‘He was a member of the Government team, based in the Department of the Taoiseach, which negotiated and wrote the Programme for National Recovery in 1987 and in 1993 he was appointed as the founding CEO of Forfás, the industrial and science policy advisory body to Government. He retired from Forfás in 2002 and since then has been involved in economic and business consultancy in Ireland and overseas as well as sitting on a number of Boards in the private and public sectors including  Director of the Global Finance Academy at UCD (2006-2009), where he is a long-term member of the Advisory Board of the Michael Smurfit Graduate School of Business.  He was reappointed as Director-General of Science Foundation Ireland (2010-2011) to lead the Foundation at an important period in its evolution’.
Recommending John Travers for the honorary degree, Professor Fitzgerald cited his ‘distinguished career in public service, characterised by dynamism, foresight and a spirit of constant ambition for Ireland.  Further afield, his international standing is underlined by the fact that countries as diverse as Croatia, Jordan, Israel, Taiwan and Costa Rica have sought his advice on their economic development policies.  In doing so they reflect a fitting tribute, not just to his expertise and wisdom, but to a lifetime of outstanding public service’.
Outlining the career of poet Paul Muldoon, Professor Séan Ryder of NUI Galway said ‘it is not easy to find a poet with the confidence and craft to make poetry that is genuinely fresh, a poetry that extends the canon rather than simply replays it. Yet Paul Muldoon is certainly such a poet. In his 11 volumes of poetry over a period of 40 years his has been a striking and compelling voice for readers of poetry not just in Ireland but all over the English–speaking world. Muldoon’s most recent collections of poetry include Moy Sand and Gravel (2002), Horse Latitudes (2006) and Maggot (2010)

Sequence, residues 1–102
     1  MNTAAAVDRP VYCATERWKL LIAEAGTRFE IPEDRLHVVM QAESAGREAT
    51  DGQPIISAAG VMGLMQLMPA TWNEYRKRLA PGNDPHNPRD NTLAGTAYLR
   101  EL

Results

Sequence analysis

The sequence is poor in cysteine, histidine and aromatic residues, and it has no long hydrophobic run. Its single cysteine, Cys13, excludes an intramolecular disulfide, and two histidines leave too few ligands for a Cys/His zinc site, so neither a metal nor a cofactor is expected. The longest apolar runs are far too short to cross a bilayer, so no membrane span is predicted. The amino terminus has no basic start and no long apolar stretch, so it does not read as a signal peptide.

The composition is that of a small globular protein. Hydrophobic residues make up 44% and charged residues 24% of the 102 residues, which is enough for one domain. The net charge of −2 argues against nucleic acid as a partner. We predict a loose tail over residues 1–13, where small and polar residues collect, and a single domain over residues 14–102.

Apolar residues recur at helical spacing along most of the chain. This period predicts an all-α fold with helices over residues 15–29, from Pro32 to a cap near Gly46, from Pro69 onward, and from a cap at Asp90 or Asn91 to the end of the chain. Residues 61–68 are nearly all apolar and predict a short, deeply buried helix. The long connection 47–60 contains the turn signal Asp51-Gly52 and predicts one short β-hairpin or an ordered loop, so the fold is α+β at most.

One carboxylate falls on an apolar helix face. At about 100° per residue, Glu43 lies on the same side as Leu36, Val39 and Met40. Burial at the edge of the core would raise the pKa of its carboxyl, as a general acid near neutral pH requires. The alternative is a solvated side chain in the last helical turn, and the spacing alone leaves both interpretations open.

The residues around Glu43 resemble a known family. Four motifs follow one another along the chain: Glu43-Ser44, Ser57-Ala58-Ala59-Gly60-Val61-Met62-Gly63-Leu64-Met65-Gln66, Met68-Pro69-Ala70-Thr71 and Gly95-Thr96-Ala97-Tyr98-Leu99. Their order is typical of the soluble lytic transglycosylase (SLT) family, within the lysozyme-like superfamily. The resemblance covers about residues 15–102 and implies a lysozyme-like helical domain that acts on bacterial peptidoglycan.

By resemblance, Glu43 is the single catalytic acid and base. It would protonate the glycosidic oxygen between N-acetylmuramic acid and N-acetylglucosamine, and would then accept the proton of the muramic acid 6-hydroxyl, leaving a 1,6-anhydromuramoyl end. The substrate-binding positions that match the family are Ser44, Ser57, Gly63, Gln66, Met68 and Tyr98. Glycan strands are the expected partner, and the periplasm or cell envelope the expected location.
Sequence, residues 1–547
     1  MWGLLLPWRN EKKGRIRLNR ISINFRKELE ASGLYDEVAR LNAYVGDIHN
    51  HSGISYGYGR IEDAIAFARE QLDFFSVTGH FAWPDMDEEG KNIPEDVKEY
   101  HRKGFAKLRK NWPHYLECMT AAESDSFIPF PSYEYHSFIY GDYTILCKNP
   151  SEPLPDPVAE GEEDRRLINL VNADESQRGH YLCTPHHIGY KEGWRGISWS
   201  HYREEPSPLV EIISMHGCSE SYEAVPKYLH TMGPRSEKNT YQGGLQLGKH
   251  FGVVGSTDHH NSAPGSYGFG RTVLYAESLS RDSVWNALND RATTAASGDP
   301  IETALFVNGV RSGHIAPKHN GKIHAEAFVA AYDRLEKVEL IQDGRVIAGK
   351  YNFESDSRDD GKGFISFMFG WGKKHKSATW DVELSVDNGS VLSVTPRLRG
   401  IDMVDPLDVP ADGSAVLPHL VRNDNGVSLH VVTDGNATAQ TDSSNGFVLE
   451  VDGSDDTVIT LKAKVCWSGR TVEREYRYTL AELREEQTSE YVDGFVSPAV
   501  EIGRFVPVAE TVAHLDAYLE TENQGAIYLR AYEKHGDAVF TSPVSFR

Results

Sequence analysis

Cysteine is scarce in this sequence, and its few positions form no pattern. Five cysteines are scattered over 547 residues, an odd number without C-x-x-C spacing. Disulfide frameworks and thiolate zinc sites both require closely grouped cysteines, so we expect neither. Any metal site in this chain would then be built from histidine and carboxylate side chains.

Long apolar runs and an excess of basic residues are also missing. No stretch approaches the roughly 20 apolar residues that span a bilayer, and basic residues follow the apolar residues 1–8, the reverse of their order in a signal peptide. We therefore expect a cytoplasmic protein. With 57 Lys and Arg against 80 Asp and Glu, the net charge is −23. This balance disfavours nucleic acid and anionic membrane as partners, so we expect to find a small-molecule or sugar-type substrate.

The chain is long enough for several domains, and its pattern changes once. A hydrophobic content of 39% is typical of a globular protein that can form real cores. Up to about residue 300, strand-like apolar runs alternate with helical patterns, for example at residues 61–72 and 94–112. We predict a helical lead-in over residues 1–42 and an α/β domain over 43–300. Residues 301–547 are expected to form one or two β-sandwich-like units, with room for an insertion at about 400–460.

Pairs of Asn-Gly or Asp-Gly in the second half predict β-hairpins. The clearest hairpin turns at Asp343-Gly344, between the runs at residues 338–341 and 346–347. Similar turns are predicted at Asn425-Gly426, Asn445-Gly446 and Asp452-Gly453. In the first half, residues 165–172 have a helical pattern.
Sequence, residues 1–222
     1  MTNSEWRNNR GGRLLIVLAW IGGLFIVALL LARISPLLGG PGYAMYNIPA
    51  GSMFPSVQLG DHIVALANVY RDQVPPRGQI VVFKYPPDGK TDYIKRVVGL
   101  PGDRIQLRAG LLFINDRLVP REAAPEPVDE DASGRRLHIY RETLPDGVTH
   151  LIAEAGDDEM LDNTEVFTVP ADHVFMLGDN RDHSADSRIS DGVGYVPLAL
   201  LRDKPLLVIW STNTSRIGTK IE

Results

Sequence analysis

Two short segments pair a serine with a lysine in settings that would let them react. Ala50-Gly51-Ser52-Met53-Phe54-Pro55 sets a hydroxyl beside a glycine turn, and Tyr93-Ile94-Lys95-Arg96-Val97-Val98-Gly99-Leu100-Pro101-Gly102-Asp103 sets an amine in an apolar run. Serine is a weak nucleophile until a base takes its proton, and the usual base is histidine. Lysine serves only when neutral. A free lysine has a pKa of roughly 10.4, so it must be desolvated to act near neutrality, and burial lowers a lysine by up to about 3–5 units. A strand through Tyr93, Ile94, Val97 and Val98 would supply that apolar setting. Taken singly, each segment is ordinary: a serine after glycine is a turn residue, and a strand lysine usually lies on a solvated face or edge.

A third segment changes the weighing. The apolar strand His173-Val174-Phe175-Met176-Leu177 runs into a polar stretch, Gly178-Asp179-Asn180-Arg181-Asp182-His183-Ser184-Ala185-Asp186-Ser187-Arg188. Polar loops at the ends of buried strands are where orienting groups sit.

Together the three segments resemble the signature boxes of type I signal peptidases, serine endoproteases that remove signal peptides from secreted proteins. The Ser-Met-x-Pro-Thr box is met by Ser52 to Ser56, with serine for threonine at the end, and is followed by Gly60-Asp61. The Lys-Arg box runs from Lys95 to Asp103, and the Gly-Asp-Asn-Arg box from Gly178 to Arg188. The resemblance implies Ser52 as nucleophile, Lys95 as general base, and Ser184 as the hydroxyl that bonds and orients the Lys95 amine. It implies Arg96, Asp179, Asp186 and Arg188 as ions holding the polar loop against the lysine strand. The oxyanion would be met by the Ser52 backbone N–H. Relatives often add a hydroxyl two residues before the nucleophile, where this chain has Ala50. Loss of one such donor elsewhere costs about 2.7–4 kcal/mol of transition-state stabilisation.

‘Since 1987 Paul Muldoon has lived in the United States, where he is now Howard GB Clark ’21 Professor at Princeton University, and Founding Chair of the Lewis Center for the Arts. He has held the post of Professor of Poetry at Oxford, and since 2007 has been poetry editor at The New Yorker magazine. He is a member of Aosdana, a Fellow of the Royal Society of Literature, a Member of the American Academy of Arts and Letters, and the recipient of too many prizes to enumerate here, among which are the Pulitzer Prize and the T S Eliot Prize’.
Professor Ryder concluded remarking that ‘it is tremendously fitting that the National University of Ireland should today honour the remarkable creativity of Paul Muldoon, an Irishman whose place as one of the great poets of the English language is assured, and whose work continues to delight, to challenge and to inspire’.